The court went on to conclude that "[i]n the instant case, there is no reason to compound Mr. Nacchio’s criminal punishment with a tax burden Congress has neither expressly nor impliedly directed. As the Government recognizes, Mr. Nacchio’s forfeiture is a loss. The proceeds from Mr. Nacchio’s insider trading evaporated – they were disgorged. Yet, the Government seeks to tax these proceeds not on the ground that they are income, but on an amorphous notion that the public policy against securities fraud must prevent the deductibility of monies that were received due to insider trading even though the monies were disgorged."
Regarding the government’s argument that Nacchio could not satisfy Section 1341’s requirement that he believed that he had a bona fide claim to his 2001 stock gains because he was convicted of acting willfully, knowingly and with the intent to defraud, the court rejected the government’s claim that Nacchio was barred from litigating whether he believed he had a claim of right to the gain by the doctrine of “issue preclusion.” The court stated that the issue is not simply whether Nacchio obtained funds unlawfully, but whether it subjectively appeared to him that he had an unrestricted right to those funds. “Although the jury in the criminal trial believed Mr. Nacchio was guilty of willfully engaging in insider trading, this does not equate to a finding of what Mr. Nacchio himself believed. Mr. Nacchio professed his innocence, ... Mr. Nacchio’s subjective belief as to his entitlement to the trading gains in 2001 is a question of material fact that cannot be resolved on summary judgment.”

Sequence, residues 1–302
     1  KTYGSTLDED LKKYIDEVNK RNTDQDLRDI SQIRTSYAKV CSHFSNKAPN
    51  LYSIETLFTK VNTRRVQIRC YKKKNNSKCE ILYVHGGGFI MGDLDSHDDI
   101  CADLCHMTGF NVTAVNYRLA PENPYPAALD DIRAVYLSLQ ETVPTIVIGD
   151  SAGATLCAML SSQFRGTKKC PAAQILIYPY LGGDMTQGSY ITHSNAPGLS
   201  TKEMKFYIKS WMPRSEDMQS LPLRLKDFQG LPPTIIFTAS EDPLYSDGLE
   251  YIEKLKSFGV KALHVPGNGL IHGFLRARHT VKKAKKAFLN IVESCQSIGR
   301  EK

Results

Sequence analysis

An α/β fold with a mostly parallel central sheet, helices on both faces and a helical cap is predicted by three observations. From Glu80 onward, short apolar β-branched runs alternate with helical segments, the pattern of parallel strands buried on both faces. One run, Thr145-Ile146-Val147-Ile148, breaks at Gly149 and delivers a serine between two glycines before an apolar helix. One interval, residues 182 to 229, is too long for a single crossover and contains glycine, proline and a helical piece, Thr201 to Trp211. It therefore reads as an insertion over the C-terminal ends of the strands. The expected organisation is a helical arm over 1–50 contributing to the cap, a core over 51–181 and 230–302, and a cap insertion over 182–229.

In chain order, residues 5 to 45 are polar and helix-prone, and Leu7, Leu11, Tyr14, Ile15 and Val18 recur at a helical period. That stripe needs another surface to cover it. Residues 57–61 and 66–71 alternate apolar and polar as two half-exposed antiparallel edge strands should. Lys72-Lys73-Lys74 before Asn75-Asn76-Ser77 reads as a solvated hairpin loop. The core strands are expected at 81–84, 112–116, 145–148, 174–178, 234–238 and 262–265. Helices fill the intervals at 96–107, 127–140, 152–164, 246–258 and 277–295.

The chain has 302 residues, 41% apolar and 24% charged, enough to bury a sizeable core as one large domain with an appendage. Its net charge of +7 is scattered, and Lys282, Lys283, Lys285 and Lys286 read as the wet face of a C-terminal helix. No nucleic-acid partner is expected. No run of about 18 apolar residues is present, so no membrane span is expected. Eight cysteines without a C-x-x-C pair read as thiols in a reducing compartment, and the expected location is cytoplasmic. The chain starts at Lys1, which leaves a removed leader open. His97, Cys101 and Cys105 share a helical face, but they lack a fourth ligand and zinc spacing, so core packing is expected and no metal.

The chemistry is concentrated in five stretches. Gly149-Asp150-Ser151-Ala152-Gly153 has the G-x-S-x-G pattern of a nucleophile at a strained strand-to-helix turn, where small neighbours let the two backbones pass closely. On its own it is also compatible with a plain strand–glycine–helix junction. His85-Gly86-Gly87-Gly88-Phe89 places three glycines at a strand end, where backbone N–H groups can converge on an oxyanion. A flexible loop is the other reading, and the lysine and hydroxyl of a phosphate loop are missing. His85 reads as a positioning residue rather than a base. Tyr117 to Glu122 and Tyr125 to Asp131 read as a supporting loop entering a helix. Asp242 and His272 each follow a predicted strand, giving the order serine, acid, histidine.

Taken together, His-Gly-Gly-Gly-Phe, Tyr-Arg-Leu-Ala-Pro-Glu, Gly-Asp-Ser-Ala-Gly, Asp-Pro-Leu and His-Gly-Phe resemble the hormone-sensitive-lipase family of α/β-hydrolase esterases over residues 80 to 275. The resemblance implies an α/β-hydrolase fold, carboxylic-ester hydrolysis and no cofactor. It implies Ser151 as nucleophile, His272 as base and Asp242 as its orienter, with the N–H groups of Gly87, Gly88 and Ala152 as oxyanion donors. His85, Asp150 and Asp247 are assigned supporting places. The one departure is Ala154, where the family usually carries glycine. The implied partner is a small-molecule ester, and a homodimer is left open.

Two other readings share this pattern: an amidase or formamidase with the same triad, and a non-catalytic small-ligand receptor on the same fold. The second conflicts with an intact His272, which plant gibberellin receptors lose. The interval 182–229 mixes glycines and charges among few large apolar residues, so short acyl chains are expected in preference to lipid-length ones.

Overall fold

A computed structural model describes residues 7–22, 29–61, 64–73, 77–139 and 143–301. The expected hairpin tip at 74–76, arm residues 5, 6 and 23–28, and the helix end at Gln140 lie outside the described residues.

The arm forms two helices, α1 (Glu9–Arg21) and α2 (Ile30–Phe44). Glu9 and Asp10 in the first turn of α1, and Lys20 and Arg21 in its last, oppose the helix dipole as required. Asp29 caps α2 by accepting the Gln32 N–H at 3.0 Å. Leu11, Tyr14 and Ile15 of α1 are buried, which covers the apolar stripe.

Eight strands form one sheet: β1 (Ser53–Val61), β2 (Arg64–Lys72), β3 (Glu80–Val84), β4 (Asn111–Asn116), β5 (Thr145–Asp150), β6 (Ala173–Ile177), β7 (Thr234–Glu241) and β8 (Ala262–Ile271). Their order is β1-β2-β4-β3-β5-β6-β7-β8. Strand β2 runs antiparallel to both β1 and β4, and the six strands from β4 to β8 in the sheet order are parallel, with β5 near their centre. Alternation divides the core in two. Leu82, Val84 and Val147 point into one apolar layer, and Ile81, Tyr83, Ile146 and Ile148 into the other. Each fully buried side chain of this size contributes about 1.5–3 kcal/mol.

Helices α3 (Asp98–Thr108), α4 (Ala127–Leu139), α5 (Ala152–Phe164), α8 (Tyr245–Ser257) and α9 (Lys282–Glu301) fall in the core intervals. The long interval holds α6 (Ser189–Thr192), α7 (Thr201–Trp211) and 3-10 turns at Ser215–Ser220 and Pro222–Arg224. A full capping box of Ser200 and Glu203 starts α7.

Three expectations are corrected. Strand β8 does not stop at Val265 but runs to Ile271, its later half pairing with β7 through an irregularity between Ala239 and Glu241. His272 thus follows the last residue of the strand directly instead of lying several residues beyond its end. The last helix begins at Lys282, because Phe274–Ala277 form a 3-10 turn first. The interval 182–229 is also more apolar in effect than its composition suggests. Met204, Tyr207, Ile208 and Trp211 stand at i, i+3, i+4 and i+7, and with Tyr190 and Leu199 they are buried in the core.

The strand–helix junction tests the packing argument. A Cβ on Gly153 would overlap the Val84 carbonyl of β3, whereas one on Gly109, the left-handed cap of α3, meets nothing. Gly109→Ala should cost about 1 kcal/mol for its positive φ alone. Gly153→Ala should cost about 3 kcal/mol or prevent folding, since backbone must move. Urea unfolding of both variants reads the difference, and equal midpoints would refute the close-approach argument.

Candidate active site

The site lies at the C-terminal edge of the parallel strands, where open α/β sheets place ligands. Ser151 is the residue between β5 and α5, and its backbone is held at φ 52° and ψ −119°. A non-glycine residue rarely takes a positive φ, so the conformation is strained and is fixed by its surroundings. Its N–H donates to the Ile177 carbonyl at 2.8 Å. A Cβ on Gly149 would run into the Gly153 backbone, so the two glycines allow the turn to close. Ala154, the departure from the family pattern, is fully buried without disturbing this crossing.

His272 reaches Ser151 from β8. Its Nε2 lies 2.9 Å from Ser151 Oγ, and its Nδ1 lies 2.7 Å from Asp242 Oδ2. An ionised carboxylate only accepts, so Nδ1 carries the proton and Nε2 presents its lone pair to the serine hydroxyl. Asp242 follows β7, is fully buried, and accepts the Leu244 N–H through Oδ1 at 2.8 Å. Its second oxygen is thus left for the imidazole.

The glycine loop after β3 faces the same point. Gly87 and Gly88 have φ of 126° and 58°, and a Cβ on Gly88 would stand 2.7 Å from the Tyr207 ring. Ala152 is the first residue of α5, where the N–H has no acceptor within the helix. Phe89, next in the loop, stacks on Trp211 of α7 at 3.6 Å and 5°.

Nacchio may ultimately lose his case under the “unrestricted right” element; however, the U.S. Court of Claims has now provided well-needed guidance to defense teams and compensation experts who advise clients on disgorgement and clawbacks. Two critical facts in Nacchio were:
- The report by the victims’ fund administrator that the disgorged gains would go to those victims.
- The separate amount had been paid as a fine (as well as the imprisonment). The U.S. Court of Claims easily determined the disgorgement was remedial in nature (under existing tax jurisprudence) and thus not precluded by section 162(f). In addition, the court determined that issue preclusion was inapplicable to the factual issue of whether Nacchio had an unrestricted right to the stock gains in 2001. (Another court may not take the same view on this issue of first impression.)
The decision highlights the proposition that tax advisory planning is critical to reducing the sting of additional economic loss from a profit, income or compensation disgorgement or clawback proceeding. Adopting proactive tax positions at the beginning of the proceeding can allow for better tax consequences once the dust has settled and amounts are to be repaid, forcibly or by contract. Also, because the U.S. Court of Claims is a national court, its opinion in Nacchio is now important in forum selection for litigating tax claims.
Please contact Padric Kelly O’Brien or any other member of Taft’s Tax group with comments or remarks associated with this briefing.